144 pages, 21.5cm x 28cm
2011, Backbeat

Flying V, Explorer, Firebird

I must admit the title of this one has always seemed a bit clunky. But what else to call it? Those three models are the star of the book, of course, but there’s plenty more here. Until the launch of the V and the Explorer in ’58, electric guitars were supposed to look like … guitars. Suddenly, Gibson turned conventional design on its head, using straight lines and angular body shapes.

In the process, Gibson changed the way electrics could look, and that’s the main story here. I tell the story of the original commercial failure of the V and Explorer, Gibson’s later attempt at a similar style with the Firebird, and then the subsequent influence of these designs on makers such as Hamer, Jackson, Dean, Ibanez, B.C. Rich, and ESP, who all in their different ways endorsed Gibson’s original take on the idea of weird-is-good.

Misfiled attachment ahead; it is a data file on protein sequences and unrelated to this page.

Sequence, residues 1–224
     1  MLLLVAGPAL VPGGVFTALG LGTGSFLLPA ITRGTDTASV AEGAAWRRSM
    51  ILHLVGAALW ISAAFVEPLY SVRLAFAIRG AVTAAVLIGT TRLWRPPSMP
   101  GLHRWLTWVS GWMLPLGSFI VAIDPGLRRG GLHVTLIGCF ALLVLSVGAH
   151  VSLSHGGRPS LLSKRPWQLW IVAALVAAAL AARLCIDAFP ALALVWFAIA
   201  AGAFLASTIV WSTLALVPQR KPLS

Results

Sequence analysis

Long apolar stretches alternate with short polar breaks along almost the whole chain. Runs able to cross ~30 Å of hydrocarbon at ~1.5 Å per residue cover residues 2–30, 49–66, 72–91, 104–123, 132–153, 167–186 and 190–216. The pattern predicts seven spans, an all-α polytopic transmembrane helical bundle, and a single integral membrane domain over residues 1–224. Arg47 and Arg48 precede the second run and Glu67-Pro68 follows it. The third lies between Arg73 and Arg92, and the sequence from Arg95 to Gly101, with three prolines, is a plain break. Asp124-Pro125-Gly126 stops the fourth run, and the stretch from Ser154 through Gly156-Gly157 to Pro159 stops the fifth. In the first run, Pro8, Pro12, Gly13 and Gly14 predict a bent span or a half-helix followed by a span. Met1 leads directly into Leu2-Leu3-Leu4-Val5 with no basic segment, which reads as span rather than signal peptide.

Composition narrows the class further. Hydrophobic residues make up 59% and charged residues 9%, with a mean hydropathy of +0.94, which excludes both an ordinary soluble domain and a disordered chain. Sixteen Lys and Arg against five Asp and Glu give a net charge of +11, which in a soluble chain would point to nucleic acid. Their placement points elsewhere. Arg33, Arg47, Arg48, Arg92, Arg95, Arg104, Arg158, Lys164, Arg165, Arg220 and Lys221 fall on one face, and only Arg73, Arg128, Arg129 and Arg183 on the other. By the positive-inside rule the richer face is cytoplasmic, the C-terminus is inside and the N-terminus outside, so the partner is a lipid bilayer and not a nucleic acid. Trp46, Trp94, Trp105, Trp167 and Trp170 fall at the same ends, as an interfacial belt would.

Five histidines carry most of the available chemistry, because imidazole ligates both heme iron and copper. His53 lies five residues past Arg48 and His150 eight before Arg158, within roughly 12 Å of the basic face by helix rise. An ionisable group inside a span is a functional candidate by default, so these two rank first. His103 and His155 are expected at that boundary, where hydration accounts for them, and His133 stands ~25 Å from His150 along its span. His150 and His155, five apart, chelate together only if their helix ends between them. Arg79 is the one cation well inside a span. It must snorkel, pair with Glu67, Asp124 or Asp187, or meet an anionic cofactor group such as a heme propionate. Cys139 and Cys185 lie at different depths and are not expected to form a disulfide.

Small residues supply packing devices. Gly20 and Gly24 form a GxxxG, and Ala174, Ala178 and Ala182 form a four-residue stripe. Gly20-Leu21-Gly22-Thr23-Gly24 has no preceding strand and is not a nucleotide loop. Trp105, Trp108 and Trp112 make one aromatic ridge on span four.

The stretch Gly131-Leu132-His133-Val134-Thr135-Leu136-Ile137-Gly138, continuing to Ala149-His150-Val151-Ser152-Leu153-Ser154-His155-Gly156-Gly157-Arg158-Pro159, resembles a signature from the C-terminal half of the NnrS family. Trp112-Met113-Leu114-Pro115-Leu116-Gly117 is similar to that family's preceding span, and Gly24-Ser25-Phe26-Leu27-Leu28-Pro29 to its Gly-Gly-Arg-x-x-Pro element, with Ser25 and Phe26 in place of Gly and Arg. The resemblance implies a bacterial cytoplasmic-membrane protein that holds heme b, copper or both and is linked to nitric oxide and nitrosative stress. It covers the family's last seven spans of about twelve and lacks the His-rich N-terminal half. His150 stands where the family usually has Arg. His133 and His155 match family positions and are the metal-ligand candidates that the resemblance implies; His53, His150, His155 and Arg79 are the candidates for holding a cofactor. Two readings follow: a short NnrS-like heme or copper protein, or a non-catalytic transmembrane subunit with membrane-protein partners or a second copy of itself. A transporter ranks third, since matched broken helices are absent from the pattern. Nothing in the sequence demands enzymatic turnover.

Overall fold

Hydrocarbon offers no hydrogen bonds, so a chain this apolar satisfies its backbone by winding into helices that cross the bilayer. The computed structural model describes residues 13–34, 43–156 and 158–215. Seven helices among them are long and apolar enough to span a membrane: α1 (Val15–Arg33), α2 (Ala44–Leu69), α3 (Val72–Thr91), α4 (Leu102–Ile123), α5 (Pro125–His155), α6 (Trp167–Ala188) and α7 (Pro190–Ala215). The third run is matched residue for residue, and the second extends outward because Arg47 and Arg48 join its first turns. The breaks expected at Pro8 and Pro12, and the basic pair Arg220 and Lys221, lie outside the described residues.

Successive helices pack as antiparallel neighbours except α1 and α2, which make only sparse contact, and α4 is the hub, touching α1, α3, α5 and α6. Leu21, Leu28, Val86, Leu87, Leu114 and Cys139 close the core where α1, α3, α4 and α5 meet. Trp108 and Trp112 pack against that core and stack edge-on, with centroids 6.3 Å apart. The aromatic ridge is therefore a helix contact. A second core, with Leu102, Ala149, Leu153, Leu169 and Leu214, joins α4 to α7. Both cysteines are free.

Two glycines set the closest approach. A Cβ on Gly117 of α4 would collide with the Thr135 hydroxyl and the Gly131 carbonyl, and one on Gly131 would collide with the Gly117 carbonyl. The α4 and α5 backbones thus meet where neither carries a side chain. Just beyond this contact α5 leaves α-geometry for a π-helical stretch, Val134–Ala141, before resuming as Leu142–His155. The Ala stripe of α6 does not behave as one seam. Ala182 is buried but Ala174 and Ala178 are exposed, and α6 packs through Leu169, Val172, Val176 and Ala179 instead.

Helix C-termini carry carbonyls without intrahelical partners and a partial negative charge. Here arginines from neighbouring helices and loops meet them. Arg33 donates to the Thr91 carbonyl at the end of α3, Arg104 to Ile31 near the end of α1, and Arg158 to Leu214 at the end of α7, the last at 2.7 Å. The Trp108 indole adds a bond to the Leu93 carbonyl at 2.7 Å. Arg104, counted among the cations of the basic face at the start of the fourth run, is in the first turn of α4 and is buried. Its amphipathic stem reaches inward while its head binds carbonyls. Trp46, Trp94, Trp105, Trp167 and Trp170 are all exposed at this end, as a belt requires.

I also spoke to a good number of players to get their view from the land of weird, and the book features exclusive interviews with Andy Powell, Rick Nielsen, KK Downing, Billy Gibbons, Gus G., Michael Schenker, Phil Manzanera, Johnny Winter, Alexi Laiho, and others.

You can read a short extract from my interview with Rick Nielsen if you click on the link here.

If it’s pointy and it has strings, you’ll have a good chance of finding it in Flying V, Explorer, Firebird.